Luck no doubt explains part of this surprising track record, and near-misses like the 2001 shoe bomber or the 2009 underwear bomber should give us pause. Yet there are several factors that have contributed to making the US homeland a safer place than it was 15 years ago.

The first factor is the relatively small number of actual American jihadists. After 9/11, fears quickly arose of large pockets of American Muslims lying in wait to attack.

These were false: Few American Muslims support radical groups, and those who do tend to be isolated and not part of a broader organization. Within this small pool, many are often incompetent. Few are able to construct a bomb, deceive the FBI, or otherwise pose a serious danger.

Bumblers can still kill, and a few like Omar Mateen, the Orlando shooter, may get lucky and kill many. But it is not an accident that the most lethal and sophisticated attacks are done by highly trained terrorists.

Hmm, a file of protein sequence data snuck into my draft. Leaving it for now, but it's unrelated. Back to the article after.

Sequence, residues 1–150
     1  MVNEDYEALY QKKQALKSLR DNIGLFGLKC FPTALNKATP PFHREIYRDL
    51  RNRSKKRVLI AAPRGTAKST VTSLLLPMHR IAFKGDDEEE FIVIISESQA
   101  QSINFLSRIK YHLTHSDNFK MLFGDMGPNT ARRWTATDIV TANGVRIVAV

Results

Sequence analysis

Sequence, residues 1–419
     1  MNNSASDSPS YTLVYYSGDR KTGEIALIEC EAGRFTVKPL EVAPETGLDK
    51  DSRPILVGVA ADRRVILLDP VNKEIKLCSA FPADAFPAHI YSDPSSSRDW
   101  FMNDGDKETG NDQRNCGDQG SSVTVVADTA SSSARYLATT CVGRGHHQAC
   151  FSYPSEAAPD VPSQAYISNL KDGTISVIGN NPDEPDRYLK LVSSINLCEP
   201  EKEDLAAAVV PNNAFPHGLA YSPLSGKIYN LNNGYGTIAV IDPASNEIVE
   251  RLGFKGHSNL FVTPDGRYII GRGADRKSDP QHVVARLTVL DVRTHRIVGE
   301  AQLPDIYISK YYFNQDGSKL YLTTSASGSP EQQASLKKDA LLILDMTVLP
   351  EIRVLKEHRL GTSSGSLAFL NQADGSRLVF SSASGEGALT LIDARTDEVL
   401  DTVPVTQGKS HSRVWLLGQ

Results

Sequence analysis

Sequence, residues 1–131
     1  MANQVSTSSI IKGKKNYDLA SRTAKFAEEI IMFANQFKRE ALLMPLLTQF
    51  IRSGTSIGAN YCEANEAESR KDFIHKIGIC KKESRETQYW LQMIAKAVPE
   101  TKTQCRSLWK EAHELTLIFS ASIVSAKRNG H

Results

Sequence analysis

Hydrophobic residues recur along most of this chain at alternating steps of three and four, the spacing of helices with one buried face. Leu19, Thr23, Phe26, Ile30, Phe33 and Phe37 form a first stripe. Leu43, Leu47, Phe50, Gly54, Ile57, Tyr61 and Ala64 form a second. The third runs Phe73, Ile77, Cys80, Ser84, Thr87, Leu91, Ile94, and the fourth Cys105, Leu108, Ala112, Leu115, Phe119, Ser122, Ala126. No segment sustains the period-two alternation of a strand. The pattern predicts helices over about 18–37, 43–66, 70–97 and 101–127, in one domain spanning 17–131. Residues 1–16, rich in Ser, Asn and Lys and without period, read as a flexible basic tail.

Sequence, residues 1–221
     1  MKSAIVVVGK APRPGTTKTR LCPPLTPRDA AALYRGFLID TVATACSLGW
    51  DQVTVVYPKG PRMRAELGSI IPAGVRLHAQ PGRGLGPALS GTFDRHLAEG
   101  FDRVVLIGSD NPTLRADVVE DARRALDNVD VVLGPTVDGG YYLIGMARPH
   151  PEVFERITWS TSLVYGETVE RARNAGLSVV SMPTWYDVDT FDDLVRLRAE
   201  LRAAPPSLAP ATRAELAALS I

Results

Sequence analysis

When amateurs gather in relatively large terror cells to pull off a bigger attack, the odds of at least one member babbling on the phone, bragging to an untrustworthy acquaintance, or otherwise accidentally tipping off security services rise dramatically.

Often, practice runs such as a trip to the shooting range or an effort to find bombmaking materials come to the attention of security services.

Before 9/11, al-Qaeda tried to solve this problem by bringing thousands of young Muslims to camps in Afghanistan, building a mini army there that enabled it to carry out terrorist attacks around the world.